Forget Kanye vs. Wiz Khalifa, forget Young Thug vs. Future. Those are scuffles played out by petty rappers on Twitter. But this? This is two corporations trading blows over millions of dollars in revenue.
Originally, Rihanna's ANTI album was supposed to stream exclusively on TIDAL, but Jay Z's floundering streaming service somehow managed to faceplant its own exclusive by leaking the album ahead of schedule, accidentally displaying the tracklist and streaming the album for just a few minutes—unfortunately for them, just a few minutes is more than enough time for the internet to grab and spread the project like wildfire.
When I saw the leak pop up I figured someone over at TIDAL would no longer be employed after the weekend, but the company quickly kicked into save-our-jobs mode by first blaming the leak on an unfortunate "system error" and then quickly clarifying that the error was, “Referring to a system error caused by Universal Music Group (UMG). The error was not something TIDAL caused.”
Shots fired, and today Universal fired back in a statement to Billboard. An anonymous exec over at the label told the magazine, "This whole thing is absurd. We would have taken responsibility if it were our error. Instead of having their flack flail around trying to revise their own media spin, maybe they should just focus on serving Rihanna—that's what we're focused on."
Hilarious reactions GIFs aside, this is a big deal. The way major labels are structured and have been structured for quite some time is extraordinarily top heavy. They all rely on a small group of elite artists to bring in the majority of their revenue for each year - a single Drake, Rihanna or Beyonce album could end up making more money than 90% of the other acts on the label combined. And so those labels are fiercely protective over their superstar releases.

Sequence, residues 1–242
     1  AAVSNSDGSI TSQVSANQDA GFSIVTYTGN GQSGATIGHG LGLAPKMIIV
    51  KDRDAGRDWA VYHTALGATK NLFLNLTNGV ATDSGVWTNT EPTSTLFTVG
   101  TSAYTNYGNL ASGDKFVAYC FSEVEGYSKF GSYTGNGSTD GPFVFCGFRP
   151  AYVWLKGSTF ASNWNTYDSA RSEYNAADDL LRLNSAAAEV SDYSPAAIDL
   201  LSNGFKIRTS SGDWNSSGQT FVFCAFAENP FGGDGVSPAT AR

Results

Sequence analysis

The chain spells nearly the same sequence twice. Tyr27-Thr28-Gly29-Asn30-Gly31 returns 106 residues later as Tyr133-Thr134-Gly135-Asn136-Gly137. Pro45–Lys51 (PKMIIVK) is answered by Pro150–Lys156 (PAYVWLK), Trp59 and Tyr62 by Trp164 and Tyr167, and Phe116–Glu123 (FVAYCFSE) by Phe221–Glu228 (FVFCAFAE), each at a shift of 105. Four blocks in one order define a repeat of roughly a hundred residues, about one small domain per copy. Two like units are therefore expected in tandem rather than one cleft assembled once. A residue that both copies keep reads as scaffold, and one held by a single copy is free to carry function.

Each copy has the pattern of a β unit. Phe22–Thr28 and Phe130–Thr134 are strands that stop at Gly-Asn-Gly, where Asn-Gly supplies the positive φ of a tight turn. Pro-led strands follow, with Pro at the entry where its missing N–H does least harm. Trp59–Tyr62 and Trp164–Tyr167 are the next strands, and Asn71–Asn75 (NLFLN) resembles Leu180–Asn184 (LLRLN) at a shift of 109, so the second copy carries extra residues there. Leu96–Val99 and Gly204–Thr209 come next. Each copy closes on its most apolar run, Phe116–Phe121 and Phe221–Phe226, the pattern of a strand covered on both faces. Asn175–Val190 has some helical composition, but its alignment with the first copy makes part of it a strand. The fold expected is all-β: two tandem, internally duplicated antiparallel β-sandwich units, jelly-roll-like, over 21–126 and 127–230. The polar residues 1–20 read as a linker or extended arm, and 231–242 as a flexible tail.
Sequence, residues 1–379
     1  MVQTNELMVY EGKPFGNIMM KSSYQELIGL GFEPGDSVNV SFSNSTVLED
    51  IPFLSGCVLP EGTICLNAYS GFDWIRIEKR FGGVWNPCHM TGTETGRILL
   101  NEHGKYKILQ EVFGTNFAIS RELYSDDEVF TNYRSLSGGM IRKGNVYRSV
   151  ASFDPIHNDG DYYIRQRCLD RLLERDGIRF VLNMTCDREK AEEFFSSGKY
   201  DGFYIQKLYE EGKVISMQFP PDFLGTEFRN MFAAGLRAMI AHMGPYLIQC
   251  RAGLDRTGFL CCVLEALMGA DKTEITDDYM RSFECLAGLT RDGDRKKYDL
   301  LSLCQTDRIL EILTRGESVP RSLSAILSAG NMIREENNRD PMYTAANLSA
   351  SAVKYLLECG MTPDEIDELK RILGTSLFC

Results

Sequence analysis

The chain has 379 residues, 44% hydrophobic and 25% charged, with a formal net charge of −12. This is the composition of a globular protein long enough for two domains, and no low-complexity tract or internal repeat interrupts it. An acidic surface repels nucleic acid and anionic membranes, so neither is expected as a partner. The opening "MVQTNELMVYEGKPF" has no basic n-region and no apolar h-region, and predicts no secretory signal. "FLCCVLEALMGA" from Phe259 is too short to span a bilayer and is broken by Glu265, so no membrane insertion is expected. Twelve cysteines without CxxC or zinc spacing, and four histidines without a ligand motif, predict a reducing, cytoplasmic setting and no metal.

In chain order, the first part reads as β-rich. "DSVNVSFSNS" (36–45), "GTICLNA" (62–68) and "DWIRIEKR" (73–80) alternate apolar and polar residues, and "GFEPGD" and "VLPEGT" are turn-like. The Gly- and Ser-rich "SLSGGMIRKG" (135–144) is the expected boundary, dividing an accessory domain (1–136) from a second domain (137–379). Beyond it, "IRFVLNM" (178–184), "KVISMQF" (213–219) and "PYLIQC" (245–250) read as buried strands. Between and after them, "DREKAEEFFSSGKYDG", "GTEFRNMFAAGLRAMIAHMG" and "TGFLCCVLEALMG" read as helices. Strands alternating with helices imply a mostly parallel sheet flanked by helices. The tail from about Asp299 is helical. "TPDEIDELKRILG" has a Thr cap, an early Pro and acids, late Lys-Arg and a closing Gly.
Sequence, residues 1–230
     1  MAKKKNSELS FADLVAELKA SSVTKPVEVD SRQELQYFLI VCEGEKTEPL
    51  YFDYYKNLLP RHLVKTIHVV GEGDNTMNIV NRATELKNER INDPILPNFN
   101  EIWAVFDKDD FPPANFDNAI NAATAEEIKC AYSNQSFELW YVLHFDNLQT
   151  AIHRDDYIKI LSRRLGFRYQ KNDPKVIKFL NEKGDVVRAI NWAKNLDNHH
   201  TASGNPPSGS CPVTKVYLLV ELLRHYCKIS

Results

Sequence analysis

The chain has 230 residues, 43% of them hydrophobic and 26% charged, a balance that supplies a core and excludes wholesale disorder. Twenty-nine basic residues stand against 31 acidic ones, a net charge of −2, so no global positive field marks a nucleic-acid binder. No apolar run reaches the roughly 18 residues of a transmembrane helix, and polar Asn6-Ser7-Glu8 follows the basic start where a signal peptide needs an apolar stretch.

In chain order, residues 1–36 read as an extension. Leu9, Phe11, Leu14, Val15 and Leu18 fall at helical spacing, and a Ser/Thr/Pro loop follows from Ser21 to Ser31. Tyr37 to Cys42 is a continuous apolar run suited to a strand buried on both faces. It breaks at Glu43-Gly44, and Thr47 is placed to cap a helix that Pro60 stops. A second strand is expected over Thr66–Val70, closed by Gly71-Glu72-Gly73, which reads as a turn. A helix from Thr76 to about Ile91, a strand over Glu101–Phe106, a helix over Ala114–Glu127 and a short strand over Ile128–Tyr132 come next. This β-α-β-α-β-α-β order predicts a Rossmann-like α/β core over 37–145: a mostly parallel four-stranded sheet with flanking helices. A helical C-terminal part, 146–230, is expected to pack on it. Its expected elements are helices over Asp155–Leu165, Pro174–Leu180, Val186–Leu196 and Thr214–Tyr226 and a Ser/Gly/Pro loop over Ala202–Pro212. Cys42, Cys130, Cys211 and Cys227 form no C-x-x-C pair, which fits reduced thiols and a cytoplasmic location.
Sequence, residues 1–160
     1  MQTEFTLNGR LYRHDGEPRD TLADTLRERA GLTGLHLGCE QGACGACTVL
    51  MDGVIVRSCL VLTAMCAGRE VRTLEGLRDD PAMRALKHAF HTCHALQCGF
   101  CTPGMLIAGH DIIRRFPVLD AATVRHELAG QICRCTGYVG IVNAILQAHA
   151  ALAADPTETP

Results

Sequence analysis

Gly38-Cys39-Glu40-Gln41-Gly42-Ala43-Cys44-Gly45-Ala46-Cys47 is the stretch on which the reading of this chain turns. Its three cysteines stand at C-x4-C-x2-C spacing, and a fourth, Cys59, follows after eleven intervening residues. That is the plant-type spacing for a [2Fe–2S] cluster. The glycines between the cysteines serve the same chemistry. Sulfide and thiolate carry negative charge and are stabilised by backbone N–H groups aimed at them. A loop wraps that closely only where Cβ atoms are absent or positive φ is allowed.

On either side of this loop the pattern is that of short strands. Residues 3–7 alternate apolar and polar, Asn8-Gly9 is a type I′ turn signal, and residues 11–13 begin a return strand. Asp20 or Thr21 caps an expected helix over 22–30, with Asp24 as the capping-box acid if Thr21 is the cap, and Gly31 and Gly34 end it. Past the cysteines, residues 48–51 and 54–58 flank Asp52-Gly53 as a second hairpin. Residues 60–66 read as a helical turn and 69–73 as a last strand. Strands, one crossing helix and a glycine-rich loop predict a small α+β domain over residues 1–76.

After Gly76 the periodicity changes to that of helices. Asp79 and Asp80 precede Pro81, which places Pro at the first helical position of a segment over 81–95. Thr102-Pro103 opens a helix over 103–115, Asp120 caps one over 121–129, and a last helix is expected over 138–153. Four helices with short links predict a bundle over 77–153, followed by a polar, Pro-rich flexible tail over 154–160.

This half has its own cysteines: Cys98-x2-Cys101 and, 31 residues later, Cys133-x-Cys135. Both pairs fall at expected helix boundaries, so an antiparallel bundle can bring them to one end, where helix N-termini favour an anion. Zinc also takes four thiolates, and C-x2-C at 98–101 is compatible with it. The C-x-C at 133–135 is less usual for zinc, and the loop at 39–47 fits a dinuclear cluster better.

Let me assure you, DJBooth never posts album leak links, as in NEVER, but whenever big album leaks, we get emails from UMG effectively threatening to sue the bejeezus out of us if a download link pops up on the site.* But when a not-so-big album leaks? We don't hear a peep. Leak a Drake album and prepare to feel the wrath of God. Leak a Tyga album and they can't even work up the energy to hit send on an email.
Rihanna is only the most downloaded artist of all-time, so yes, this album rollout was a very big deal, and although the leak doesn't seem to have hurt the album's performance much, thanks in large part to a Samsung deal and the RIAA's Platinum pandering, this reveals yet another large and growing crack in the music industry as it attempts to transition into the streaming age. Leaks were common before, but adding in more players, like TIDAL only increases the odds of something going wrong.
Let's just hope Apple Music doesn't accidentally leak Views or we're going to see some heads really roll.
* It's more complicated that that, I'm realizing those "leak" emails from labels deserves their own article, but for our purposes here this simplified version will suffice.